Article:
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There are a few other niceties left, like a license agreement page:

LicenseAgreementDlg screenshot

<Dialog Id="LicenseAgreementDlg" Width="370" Height="270"
    Title="[ProductName] License Agreement" NoMinimize="yes">

For a radio button group, we'll have a separate description later in the source, the link is established by the Property attribute:

<Control Id="Buttons" Type="RadioButtonGroup"
  X="20" Y="187" Width="330" Height="40" Property="IAgree" />

<Control Id="Back" Type="PushButton" X="180" Y="243" Width="56" Height="17"
  <Publish Event="NewDialog" Value="WelcomeDlg">1</Publish>

<Control Id="Next" Type="PushButton" X="236" Y="243" Width="56" Height="17"
  Default="yes" Text="[ButtonText_Next]">

The selection of the next dialog is a bit trickier now. In some installations, we don't want to ask for the user name, company name and registration key. It would also be possible to modify the UI accordingly (simply not to call that page in the sequence of pages) but this solution is much more elegant. Somewhere among the properties we have one called ShowUserRegistrationDlg. If we set it to one, the User Registration page will be shown. If set to zero, this page will be skipped. This means two NewDialog events, one for each possible case:

<Publish Event="NewDialog" Value="UserRegistrationDlg">
    <![CDATA[IAgree = "Yes" AND ShowUserRegistrationDlg = 1]]>

<Publish Event="NewDialog" Value="SetupTypeDlg">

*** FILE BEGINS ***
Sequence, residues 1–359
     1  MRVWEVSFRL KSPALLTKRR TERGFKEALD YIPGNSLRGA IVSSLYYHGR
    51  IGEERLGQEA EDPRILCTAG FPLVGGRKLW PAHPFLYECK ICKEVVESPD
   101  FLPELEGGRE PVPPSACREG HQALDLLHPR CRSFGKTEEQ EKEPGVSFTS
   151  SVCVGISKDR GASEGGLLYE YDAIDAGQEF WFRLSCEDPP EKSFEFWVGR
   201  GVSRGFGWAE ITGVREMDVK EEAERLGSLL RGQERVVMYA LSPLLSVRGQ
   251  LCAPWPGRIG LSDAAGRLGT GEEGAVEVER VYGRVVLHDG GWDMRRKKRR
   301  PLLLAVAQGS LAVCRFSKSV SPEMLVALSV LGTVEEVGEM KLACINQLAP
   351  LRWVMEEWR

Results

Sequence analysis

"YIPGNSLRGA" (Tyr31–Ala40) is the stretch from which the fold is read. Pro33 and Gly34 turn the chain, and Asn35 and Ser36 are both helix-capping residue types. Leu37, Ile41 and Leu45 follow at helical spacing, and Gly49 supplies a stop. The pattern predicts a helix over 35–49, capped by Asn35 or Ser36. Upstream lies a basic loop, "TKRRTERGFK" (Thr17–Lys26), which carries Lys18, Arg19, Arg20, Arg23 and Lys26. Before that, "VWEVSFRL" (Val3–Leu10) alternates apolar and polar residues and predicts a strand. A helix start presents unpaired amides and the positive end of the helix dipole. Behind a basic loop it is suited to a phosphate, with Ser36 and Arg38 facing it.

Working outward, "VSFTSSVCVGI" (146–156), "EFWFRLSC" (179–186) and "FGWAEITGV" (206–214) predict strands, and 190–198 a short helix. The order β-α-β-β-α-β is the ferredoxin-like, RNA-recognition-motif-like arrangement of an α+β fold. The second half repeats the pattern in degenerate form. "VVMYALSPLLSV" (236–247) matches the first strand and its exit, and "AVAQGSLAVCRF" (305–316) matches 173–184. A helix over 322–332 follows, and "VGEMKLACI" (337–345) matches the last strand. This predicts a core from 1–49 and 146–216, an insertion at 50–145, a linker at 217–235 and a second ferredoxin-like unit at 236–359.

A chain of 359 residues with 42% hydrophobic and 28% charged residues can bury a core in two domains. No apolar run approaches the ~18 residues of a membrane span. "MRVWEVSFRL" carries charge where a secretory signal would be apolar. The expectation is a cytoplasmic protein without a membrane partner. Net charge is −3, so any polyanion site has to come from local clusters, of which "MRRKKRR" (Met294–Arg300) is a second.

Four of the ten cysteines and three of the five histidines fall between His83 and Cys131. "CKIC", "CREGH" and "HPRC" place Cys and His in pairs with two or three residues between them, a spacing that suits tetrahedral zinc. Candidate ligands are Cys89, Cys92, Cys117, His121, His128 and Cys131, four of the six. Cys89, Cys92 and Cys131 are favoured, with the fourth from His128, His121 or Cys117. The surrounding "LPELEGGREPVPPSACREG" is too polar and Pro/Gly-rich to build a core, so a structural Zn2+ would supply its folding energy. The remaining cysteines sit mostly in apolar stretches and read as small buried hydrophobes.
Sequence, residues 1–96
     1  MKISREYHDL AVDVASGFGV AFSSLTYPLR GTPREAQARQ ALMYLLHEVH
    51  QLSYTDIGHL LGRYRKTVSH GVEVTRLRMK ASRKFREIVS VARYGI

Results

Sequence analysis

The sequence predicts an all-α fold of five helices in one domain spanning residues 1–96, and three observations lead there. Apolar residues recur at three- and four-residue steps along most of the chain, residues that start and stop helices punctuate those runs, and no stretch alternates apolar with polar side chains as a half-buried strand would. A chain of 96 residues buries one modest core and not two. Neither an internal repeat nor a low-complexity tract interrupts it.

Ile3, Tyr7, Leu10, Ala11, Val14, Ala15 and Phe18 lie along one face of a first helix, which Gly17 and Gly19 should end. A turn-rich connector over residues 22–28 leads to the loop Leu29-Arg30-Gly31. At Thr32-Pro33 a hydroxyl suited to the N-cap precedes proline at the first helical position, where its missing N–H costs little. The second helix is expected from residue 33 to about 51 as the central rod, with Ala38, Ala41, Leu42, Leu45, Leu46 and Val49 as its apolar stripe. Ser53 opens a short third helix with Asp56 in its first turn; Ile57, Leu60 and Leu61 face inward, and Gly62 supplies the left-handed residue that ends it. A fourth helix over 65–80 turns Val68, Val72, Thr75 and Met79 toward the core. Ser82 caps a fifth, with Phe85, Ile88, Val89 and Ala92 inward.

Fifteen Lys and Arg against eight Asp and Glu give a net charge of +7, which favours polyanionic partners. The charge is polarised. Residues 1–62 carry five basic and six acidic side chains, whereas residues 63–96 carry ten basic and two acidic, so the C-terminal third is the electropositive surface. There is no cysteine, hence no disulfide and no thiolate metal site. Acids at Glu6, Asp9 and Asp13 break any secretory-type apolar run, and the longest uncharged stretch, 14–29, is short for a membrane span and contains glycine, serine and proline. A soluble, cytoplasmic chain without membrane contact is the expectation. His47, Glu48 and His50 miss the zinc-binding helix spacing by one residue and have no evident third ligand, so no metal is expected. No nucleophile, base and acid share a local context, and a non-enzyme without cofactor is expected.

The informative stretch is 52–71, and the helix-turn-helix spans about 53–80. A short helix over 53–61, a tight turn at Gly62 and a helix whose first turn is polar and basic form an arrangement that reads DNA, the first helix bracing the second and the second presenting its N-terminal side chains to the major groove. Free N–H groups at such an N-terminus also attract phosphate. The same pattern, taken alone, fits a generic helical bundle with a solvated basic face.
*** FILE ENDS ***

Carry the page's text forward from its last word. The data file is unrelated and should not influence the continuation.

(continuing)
<![CDATA[IAgree = "Yes" AND ShowUserRegistrationDlg <> 1]]>

SpawnDialog and SpawnWaitDialog events don't replace the previous page but start a new, child dialog box. The first will wait for user interaction to be dismissed but the second will only be visible until the conditional expression remains false. In our case, it is a wait dialog only visible while the installer is calculating the disk requirement. For a small installation package like our sample, this takes no time at all, so you aren't likely to have the chance of seeing this dialog in action. However, let's have it there just in case. CostingComplete is a predefined property that is set to 1 when the disk requirement calculations are finished.

<Publish Event="SpawnWaitDialog" Value="WaitForCostingDlg">
    CostingComplete = 1

And, finally, the well known nuisance: the Next button will stay disabled until the user has signaled their acceptance of the license agreement. We already used Condition tags at the upper level (launch conditions to determine whether the whole installation process should run) or inside Feature tags (to conditionally disable the installation of various features). This is their third use, inside Control tags. Using their Action attribute, they can disable, enable, hide or show the control, or to revert it to its default state), if the condition inside the tag evaluates to true:

<Condition Action="disable">
    <![CDATA[IAgree <> "Yes"]]>